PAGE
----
In Denmark, in 2012 a woman was given misoprostol to induce labour even though she specifically asked not to have it. The midwife said, ‘We do not use cytotec in this labour department, it is only used for abortions.’
They then gave her 50 microgram misoprostol (cytotec is Pfizer’s brand name for the generic drug misoprostol, a synthetic prostaglandin E1). The woman thought that she had been given the licensed drug minprostin and swallowed it. Only later did she realise that something was wrong – the dose did not match minprostin. She called the labour ward and they confirmed her fear: she had been given misoprostol.
The chief obstetrician was asked if women can have the licensed drug if they do not want misoprostol and he answered: ‘We have not taken a position on it, it depends on the situation. But you can't have everything on our shelves. Of course you can have a discussion about it and we would advise against using anything other than what is our standard treatment [misoprostol], but of course if you keep on arguing then you might get it done differently in the end.’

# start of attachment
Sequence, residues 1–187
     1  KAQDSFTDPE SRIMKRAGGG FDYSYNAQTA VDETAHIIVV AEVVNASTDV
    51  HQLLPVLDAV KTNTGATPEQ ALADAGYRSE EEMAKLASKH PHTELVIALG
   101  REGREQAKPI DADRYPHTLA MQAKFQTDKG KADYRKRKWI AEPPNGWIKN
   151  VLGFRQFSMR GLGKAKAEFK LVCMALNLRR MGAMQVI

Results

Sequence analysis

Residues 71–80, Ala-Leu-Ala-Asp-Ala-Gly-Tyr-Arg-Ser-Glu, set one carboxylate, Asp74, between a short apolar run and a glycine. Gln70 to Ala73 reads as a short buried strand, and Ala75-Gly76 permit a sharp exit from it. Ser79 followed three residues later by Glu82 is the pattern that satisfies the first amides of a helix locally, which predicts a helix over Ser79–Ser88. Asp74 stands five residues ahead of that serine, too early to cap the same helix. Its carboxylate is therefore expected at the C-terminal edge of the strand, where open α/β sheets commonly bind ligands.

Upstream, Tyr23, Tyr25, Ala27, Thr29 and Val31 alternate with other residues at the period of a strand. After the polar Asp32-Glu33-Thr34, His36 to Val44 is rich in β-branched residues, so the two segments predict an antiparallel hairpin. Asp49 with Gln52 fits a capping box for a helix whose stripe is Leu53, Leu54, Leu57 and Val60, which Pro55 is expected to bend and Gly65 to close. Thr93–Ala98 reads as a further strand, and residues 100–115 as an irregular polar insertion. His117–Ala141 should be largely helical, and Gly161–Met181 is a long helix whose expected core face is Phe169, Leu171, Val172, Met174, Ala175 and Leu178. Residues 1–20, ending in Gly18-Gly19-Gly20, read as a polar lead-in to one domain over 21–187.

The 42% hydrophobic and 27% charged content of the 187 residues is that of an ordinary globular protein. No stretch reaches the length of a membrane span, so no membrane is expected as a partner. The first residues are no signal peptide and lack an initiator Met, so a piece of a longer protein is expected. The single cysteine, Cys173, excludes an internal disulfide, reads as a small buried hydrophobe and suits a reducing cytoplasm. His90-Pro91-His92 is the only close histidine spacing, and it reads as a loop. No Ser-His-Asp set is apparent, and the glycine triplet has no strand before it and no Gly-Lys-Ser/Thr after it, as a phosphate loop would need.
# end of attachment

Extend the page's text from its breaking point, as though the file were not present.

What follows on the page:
So what does this mean? Only those women who are strong enough to keep arguing should have an informed choice?
This is not isolated to Denmark. AIMS knows of at least two women in the UK who have been given misoprostol against their wishes. One woman whohad a prior caesarean scar suffered a rupture as a result of treatment with misoprostol as a pessary; she was under the impression that she was being treated with prostin (Pfizer’s prostin E2, a naturally occurring prostaglandin E2 (PGE2), licensed forinducing labour) for a second trimester miscarriage. She only discovered the truth after she had sustained damage. What is even more worrying is that the medical staff treating her did not seem to appreciate that the two drugs are different in composition, action and risk.
AIMS has been on the trail of misoprostol since 2001; see AIMS Journals Vol 13 No 3, Vol 14 No 4, Vol 16 No 3, Vol 17 No 1 and www.aims.org.uk/misoprostol.htm
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